Determination of CVC by Merocyanine 540. a Normalized absorbance spectra of GMD from dark at low concentration to light lines at high concentration. Peak at 570 nm showing the formation of a hydrophobic membrane. b CVC determination from a. Two lines were drawn: one for the baseline “no vesicle” condition and one for the increasing absorbance at 570 nm indicating vesicles were forming. The intersection of this line was mathematically determined as the CVC


Determination of critical vesicle concentration (CVC) was performed for decanoic acid, oleic acid, and glycerol monodecanoate (GMD) while varying the concentration of salt. In the example shown the CVC was 0.85 mM of glycerol monodecanoate (Fig. 2). The full results are shown in Table 2.

Table 2 CVC of single-chain amphiphiles with increasing concentrations of salt

The CVC for fatty acid vesicles was dependent on the amount of NaCl added to the solution. The lowest concentration of salt examined is 10 mM of NaCl, as vesicles are not stable in the absence of salt and produce widely variable results, possibly due to a greater pH sensitivity. All samples also contain 10 mM of buffer, which was used in low concentrations to prevent a significant impact on the CVC. Decanoic acid vesicles showed a reduction in the CVC as the concentration of NaCl increased. A similar trend is observed with oleic acid. The CVC of decanoic acid levels out at 100 mM and further increases in salt concentration (200 mM) begin to impact the stability of the structures, therefore the CVCs at higher salt concentrations are not possible. In fact, in 500 mM NaCl complete aggregation of the vesicles occurs. This is likely a “salting out” effect of the NaCl, and has been reported elsewhere (Monnard et al. 2002).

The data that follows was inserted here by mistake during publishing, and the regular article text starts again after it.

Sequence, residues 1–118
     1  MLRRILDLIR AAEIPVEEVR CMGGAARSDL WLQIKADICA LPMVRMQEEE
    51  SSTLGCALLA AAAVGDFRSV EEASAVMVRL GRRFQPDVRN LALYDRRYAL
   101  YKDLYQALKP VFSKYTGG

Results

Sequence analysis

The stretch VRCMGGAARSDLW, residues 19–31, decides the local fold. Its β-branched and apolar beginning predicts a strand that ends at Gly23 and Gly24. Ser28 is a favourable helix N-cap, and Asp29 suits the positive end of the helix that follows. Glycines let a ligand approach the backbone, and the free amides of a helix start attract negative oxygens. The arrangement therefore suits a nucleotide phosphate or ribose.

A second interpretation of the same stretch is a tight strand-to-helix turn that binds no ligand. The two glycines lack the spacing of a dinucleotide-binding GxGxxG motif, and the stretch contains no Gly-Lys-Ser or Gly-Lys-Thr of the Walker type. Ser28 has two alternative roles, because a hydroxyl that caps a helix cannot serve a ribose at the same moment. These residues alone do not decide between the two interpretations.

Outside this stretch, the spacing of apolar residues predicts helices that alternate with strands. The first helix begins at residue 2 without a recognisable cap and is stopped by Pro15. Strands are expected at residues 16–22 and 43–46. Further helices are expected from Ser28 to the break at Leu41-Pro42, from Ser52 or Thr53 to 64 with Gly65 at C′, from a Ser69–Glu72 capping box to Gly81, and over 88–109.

The CVC of GMD and oleic acid are much lower than the CVC of decanoic acid because they are less water-soluble. To compare the relative impact of salt on GMD to fatty acid, the ratio of the CVCs was taken (Fig. 3). If the salt impacted the two amphiphiles in the same way the ratio would have been the same for all of the samples. However GMD vesicle formation is less dependent on the salt concentration, specifically at lower concentrations of salt. Interestingly, at 50 and 100 mM of NaCl the CVC ratios were the same. Also, GMD will form stable structures at higher salt concentrations (200 mM).

Fig. 3
figure 3

Impact of concentration of NaCl on ratio of CVC between fatty acid and glycerol monodecanoate. a Decanoic acid ratio and b oleic acid ratio with GMD indicates the sensitivity differences at each salt concentration

The CVC was also compared between ionic compounds to determine the role of specific anions or cations in stabilization. NaBr and KCl were therefore also tested and compared to the CVC of NaCl for both decanoic acid and GMD (Fig. 4). There was no difference found in the CVC of decanoic acid or GMD between ionic species.

Fig. 4
figure 4

Ionic species impact on vesicle formation. 570 nm peak indicates vesicles occurring in almost the same concentration for each monovalent salt: NaCl (✕), KCl (☐), and NaBr ()


The results obtained clearly show salt dependent vesicle formation. In general, salts are known to affect colloidal solubility, in both nanoparticulates and micelles. Two driving forces are attributed to this stabilization: electric shielding of the charged or polar surface and increasing the entropic contributions to aggregation.